Price Control – Price Ceiling

A Price Control occurs when the government feels the current equilibrium price is unfair and intervenes and adjusts the market price. A maximum price or price ceiling is basically when the government believes the price is too high and sets a maximum price that producers can charge; this lies below the equilibrium price.

Price ceilings often cause shortages. For examples: In agriculture, medicine and education many governments set maximum prices to make the goods or services more affordable.

A Price Ceiling Diagram

The below diagram shows a price ceiling in equilibrium where the government has forced the maximum price to be Pmax. Thus the actual equilibrium ends up below market equilibrium.

The original price is P*, but with the price ceiling the price falls to Pmax and quantity supplied is Qs and quantity demanded is Qd. The distance between Quantity Demand (Qd) and Quantity Supplied (Qs) is a shortage. There is a fall in producer surplus, but a significant jump in consumer surplus.

Price Ceiling
The shortage is difference in quantity Qd-Qs

Real World Example of Price Ceilings

Rent Control

The concept of rent control is a form of price ceiling. The local government can limit how much a landlord can charge a tenant or by how much the landlord can increase prices annually. Rent control aims to ensure the quality and affordability of housing on the rental market. New York and San Francisco have famous rent control laws.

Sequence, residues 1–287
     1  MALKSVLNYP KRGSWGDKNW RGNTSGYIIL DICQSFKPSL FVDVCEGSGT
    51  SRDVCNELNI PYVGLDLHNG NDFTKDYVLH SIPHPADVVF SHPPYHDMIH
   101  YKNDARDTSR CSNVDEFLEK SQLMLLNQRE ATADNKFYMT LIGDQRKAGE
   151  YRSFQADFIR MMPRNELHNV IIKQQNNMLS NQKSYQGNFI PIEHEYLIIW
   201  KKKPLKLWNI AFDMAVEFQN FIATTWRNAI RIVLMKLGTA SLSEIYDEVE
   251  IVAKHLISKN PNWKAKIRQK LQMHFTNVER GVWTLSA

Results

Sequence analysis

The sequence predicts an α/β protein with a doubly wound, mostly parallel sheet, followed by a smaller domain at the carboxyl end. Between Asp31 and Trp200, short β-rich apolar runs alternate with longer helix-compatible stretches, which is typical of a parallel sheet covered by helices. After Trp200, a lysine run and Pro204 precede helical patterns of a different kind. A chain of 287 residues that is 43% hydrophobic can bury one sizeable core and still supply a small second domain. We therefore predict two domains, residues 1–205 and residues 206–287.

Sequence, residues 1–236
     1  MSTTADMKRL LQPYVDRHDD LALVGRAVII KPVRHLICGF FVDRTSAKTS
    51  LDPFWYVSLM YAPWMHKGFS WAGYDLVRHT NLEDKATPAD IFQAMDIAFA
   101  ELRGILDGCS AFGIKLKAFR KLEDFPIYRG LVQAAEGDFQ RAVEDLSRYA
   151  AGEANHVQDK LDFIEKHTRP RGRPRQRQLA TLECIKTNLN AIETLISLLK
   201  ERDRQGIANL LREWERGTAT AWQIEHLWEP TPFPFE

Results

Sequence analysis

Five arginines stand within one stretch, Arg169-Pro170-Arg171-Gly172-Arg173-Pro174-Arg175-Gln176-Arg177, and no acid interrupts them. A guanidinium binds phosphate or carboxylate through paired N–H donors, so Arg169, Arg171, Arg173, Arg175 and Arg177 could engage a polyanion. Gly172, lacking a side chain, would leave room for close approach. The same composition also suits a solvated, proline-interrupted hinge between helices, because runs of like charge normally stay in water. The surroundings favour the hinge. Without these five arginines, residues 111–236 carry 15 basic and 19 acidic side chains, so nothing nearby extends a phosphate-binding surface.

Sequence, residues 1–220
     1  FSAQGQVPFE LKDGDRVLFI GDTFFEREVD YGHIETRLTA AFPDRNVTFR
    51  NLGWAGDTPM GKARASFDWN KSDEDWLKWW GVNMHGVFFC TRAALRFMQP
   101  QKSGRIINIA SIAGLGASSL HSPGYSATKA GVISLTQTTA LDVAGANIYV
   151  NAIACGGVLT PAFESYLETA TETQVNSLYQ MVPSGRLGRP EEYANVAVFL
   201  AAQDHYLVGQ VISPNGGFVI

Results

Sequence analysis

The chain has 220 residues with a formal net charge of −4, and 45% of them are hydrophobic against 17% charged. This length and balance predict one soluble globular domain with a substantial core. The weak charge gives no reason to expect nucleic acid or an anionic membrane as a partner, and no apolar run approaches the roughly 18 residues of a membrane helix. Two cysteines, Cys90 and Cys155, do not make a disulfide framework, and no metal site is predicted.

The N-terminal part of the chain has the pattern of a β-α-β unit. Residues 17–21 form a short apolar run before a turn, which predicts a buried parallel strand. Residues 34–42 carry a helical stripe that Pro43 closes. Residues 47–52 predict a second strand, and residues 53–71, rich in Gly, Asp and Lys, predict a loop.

Over the long-run, however, rent control decreases the availability of apartments, since suppliers do not wish to spend the money to build more apartments when they cannot charge a profitable rent. Landlords not only do not develop any more apartments, but they also do not maintain the ones that they have, not just to save costs but also because they do not have to worry about market demand since there is excessive demand for rent-controlled apartments. Hence, excess demand and limited supply lead to a massive shortage.

However, according to survey data, a majority of economists would argue that “a ceiling on rents reduces the quantity and quality of housing available.”

Effects of a Price Ceiling

The distance Qd-Qs represents a shortage as consumers will demand a higher quantity at the lower price Pmax than producers are willing to supply at that price. This leads to a distortion in the market.

Since there is a shortage, lines will form and/or black markets will emerge. The effect of a black market is that the government will face losses regarding revenues received from taxation. Goods traded on the black market are not registered; hence no records will be available for tax collection.

The quality of products, in the long run, might worsen as producers are tempted to use cheaper factors or cut corners. Similarly, in the rental market, landlords may not want to maintain their apartments when the apartments are under rent control.

The government could increase supply by subsidizing the product or releasing previous stock (if any).

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